Great Mustache! The Venezuelan government mocks the cartoon in which Nicolas Maduro attacks the United States

Mr. Borges, a former congressman, responded to the episode by tweeting photos of Venezuelans rummaging through trash for leftover food. He added, “Here is the truth; Venezuela’s Super Destroyer. Maduro is misery and corruption.

A later episode, released this month, shows the socialist superhero slaying a giant sea monster, with skeletal features and also sent by the White House, which had blocked ships carrying Chinese, Cuban and Russian Covid-19 vaccines. to reach Venezuela.

Both episodes end with a thunderous rendition of “Indestructible,” classic salsa great Ray Barretto, while the occupant of the Oval Office, looking like a skinny version of Invincibles franchise villain Syndrome, but with a shock of Donald Trump Blonde Hair, vents his frustration.

“Sophisticated propaganda”

It’s unclear whether the juvenile cartoon will succeed in winning hearts and minds in a society ravaged for years by hunger, tyranny and one of the highest murder rates in the world.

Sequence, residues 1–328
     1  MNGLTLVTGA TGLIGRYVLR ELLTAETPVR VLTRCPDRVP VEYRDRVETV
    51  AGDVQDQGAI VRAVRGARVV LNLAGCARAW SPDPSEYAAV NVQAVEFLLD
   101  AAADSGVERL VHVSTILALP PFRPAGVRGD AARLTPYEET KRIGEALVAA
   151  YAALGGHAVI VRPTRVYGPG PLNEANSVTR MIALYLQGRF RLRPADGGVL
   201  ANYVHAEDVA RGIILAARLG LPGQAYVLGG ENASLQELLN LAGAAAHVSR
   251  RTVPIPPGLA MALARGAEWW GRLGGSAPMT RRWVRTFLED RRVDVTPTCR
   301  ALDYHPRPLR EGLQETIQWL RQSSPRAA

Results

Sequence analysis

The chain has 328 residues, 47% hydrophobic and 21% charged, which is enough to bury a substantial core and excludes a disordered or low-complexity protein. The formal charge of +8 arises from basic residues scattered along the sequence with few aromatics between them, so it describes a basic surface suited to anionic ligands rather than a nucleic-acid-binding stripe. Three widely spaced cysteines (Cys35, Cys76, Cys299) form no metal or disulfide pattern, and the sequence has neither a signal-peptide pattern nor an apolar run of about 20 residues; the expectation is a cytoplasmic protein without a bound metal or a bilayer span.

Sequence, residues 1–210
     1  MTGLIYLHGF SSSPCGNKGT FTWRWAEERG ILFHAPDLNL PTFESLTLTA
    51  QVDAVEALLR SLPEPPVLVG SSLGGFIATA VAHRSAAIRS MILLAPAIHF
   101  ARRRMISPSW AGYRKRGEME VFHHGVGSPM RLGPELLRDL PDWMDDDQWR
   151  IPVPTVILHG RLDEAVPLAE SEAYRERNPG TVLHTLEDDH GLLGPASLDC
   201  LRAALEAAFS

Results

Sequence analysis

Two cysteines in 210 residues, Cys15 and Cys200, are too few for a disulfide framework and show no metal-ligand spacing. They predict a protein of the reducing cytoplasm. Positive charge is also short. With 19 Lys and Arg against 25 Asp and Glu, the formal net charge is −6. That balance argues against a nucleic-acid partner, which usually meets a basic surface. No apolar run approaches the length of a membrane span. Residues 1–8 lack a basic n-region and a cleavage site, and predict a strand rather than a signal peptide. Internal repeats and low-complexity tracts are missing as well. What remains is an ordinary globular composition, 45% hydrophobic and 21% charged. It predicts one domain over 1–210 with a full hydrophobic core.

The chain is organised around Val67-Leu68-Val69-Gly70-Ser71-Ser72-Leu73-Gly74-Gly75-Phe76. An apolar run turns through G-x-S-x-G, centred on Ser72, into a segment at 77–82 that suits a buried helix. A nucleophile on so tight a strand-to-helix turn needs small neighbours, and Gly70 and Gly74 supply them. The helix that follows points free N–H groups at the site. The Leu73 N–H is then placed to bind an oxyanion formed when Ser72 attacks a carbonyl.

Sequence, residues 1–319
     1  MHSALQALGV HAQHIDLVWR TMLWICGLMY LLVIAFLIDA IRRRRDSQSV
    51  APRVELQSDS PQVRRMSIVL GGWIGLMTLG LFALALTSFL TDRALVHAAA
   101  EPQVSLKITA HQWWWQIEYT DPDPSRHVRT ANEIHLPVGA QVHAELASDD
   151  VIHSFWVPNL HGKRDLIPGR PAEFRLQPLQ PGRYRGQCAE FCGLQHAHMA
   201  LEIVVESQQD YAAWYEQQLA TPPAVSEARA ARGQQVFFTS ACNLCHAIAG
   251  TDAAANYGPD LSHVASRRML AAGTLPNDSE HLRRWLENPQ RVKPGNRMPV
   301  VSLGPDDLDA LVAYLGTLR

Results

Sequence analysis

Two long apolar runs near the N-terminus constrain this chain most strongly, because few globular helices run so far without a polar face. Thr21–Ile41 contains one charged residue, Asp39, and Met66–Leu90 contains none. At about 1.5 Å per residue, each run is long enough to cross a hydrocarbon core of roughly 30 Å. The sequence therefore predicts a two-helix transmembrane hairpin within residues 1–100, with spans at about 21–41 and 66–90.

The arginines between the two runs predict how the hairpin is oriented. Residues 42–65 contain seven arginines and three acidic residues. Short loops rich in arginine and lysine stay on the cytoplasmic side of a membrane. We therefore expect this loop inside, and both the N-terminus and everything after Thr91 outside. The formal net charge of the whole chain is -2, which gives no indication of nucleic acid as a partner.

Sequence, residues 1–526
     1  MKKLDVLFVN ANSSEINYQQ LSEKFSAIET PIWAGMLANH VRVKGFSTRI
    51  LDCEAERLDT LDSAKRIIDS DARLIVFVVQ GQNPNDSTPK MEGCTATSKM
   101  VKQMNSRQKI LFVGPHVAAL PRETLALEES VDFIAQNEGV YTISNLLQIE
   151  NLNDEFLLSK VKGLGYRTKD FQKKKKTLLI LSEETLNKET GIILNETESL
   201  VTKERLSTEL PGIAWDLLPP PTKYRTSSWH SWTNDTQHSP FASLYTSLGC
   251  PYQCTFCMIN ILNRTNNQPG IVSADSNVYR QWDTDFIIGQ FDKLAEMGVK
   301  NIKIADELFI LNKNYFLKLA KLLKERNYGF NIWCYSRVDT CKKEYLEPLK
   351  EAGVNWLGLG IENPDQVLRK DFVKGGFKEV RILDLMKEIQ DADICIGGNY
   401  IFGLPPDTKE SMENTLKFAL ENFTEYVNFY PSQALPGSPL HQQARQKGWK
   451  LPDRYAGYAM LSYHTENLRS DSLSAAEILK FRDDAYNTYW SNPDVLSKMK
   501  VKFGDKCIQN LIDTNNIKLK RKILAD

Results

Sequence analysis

Nonetheless, Guillermo Zubillaga, Venezuelan coordinator of the Americas Society-Council of the Americas, a New York-based think tank, insisted that Super Mustache should be taken seriously as a sophisticated government-funded propaganda tool. state money.

“It’s an Orwellian, repetitive, direct message that no matter what you do, we [the dictatorship] aren’t going anywhere,’ Mr Zubillaga told The Telegraph. “It has an impact on the population, who at this stage have no real choice but to listen to the radio or watch the regime-owned or controlled television.”

The cartoon comes as Covid-19 cases “explode” in Venezuela, according to Mr Zubillaga. He dismisses as improbable the Maduro regime’s claim that it vaccinated nearly 53% of the population.

According to OPEC, Venezuela is the only country with greater oil reserves in Saudi Arabia. But more than two decades of corrupt and repressive socialist rule have left the country, once one of the richest in Latin America, with a poverty rate of over 90%.

This has caused an exodus of six million Venezuelan refugees, many of whom are now begging on street corners from Bogota to Buenos Aires. In terms of numbers, only the exodus from Syria has rivaled the refugee crisis in Venezuela in recent years.

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